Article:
The Pickering/Connick balancing test applies to Chancellor Aiken's e-mail because it merely places time restrictions on a narrow band of communication by plaintiffs in their capacity as government employees. The e-mail is not a “wholesale deterrent to a broad category of expression by a massive number of potential speakers” and thus the test for applying the heightened scrutiny of NTEU is not met. Under the Pickering/Connick test, the government has an important interest in the efficiency of recruiting; in complying with NCAA time limitations regarding contacts with prospective student athletes; and in protecting prospective student athletes from intimidating, confusing, or burdensome communication. Moreover, the e-mail leaves open a wide variety of alternative communication, of which the plaintiffs have taken advantage. Finally, Chancellor Aiken is entitled to qualified immunity because the plaintiffs have failed to meet their burden of showing very closely analogous case law controlling the outcome of this case. I therefore DISSENT from the court's decision and would vacate the district court's judgment as to the plaintiffs' request for declaratory relief and damages and grant Chancellor Aiken's motion for summary judgment.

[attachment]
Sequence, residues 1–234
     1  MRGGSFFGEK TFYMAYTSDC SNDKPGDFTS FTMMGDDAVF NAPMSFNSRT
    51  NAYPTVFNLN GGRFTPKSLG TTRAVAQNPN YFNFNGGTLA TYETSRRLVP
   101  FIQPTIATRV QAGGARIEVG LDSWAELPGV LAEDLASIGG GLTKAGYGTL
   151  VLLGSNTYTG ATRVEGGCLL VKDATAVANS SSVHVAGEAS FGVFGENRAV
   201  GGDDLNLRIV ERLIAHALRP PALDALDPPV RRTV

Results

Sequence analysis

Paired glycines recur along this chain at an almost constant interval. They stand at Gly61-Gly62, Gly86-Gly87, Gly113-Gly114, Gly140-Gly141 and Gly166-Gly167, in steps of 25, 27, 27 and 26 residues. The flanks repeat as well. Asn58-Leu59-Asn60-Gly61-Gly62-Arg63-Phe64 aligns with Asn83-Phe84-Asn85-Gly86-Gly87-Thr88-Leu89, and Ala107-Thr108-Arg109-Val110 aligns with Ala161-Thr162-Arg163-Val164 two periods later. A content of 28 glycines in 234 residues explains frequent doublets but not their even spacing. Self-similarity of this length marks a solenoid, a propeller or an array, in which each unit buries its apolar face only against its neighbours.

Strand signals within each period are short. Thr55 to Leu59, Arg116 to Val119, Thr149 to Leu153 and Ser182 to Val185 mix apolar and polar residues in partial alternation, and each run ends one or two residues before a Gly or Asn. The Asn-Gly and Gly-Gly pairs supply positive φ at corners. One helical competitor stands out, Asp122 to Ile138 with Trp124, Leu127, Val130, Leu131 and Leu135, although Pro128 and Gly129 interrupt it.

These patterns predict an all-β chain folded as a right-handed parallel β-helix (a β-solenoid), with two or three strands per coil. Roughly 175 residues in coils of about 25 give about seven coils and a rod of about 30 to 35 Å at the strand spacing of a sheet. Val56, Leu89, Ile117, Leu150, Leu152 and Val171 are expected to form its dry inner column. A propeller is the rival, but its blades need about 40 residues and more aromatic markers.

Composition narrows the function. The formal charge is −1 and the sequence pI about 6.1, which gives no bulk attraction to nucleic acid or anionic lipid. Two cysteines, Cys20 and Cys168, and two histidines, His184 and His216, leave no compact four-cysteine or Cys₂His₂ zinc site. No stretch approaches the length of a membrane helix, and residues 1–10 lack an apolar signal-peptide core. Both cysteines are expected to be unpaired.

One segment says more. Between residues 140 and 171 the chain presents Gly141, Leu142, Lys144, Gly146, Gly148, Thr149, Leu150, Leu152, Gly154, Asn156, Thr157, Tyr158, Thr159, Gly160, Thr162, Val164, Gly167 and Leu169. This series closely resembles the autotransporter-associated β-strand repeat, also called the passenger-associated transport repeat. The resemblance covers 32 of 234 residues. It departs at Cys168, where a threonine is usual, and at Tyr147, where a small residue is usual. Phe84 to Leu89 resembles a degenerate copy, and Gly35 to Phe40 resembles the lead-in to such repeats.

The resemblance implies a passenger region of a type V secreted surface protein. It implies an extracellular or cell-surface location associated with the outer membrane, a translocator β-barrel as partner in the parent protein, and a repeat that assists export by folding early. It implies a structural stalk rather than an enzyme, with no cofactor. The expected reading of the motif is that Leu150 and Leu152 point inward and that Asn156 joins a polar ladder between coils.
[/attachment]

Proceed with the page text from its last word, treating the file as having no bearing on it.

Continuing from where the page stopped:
1. See list compiled by Adam Joshua Smargon at www.smargon.net/nicknames.
2. What in the world is a “Billiken”?
3. As evidence of the Banana Slug's uniqueness, we offer this: of all the nicknames to choose from, acclaimed film director Quentin Tarantino selected it to appear in one of the memorable scenes of his 1994 classic, “Pulp Fiction.” Although the movie includes scores of unique scenes (film critic Roger Ebert gushes over it in his 2002 book, The Great Movies ), it was certainly shocking to see stone-cold killer Vincent Vega (John Travolta) wearing a Banana Slug T-shirt after being “cleansed” at the end of the picture (but not the end of the story-you have to see it to grasp the distinction).
4. See slug.web.com.